Value-based contract deal structures need to match the incentives motivating different kinds of plans. Some plans care about medical cost-offsets; some don’t. Some care more about longer-term savings; some only shorter-term. And some leave contracting to their PBMs, who can threaten to drive up other costs if a plan insists on making exceptions, like a separate value-based deal on one specific drug.Take for example heart failure drug Entresto sacubitril/valsartan. Novartis AG (NYSE:NVS; SIX:NOVN) signed a value-based deal with the commercial business of Cigna Corp. (NYSE:CI), guaranteeing to reduce drug costs if hospitalizations didn’t drop. The insurer’s customers among employers and pension plans presumably liked the potential savings from reduced hospitalizations and certainly liked the greater choice in therapeutic options. But Cigna’s Medicare business didn’t see the same value: its prescription drug plans (PDPs) wouldn’t benefit at all from the medical cost-offsets, nor did they want to attract expensive heart-failure patients.On the other hand, a Medicare Advantage plan (MA-PD) might like an Entresto-style deal because it’s responsible for medical costs. In certain drug categories like antidiabetics, it might also like a value-based deal that guaranteed higher adherence than the competition. The reason: MA-PD plans actually get paid more money per member by improving adherence among diabetics. Still other plans might be more inclined to do value-based deals for bureaucratic reasons: many pharmacy directors who still do their own contracting need to prove their value to their bosses against PBMs who argue their huge buying power delivers bigger savings. Value-based deals present the kind of innovation that can convince management to keep a pharmacy department intact. A range of plans and their incentives are shown below. Source: Real Endpoints LLC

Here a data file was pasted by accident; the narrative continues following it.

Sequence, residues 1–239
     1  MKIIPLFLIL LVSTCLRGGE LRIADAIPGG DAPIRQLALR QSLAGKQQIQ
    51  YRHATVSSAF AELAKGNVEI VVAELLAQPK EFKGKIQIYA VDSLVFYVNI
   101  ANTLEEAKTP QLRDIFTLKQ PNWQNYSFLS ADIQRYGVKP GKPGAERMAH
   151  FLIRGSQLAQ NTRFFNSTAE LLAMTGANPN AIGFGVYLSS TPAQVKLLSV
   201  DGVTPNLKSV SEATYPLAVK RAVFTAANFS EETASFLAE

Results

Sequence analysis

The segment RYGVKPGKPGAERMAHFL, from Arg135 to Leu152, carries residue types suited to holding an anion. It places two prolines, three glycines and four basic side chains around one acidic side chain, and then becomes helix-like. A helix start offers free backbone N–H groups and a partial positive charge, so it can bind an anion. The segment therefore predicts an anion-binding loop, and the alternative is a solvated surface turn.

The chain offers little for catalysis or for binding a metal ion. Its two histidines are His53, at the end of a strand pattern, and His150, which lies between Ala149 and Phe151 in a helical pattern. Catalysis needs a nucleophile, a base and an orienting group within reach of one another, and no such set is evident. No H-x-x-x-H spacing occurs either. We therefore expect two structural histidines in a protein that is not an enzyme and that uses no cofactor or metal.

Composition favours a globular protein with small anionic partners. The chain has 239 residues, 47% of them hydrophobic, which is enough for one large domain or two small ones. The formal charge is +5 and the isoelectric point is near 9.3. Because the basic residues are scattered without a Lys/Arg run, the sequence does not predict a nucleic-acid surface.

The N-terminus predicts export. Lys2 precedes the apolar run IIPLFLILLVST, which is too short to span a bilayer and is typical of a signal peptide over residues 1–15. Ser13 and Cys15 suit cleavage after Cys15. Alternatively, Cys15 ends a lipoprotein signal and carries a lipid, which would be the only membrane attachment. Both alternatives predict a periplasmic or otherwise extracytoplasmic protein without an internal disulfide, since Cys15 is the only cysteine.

|Payer lines of business||Patient population||Breadth of coverage||Accountability for drug cost (%)||Ability to restrict coverage||Incentive|
|Commercial fully at-risk||<65||Pharmacy and medical||100%||High||Keep total costs low|
|Commercial administrative services only (ASO)||<65||Medical (sometimes pharmacy)||0% (most cases)||High||May profit from higher drug prices|
|Self-insured employer||<65||Pharmacy and medical||100%||High||Keep total costs low while attracting/retaining productive employees|
|Commercial exchanges||<65||Pharmacy and medical||100%||Medium||Keep total costs lower than government reimbursement|
|Medicare prescription drug plan (PDP)||≥65||Pharmacy only||30%||Low||Keep pharmacy costs lower than government reimbursement|
|Medicare Advantage plan (MA-PD)||≥65||Pharmacy and medical||30%||Low||Retain Star ratings; keep costs low while attracting healthy members|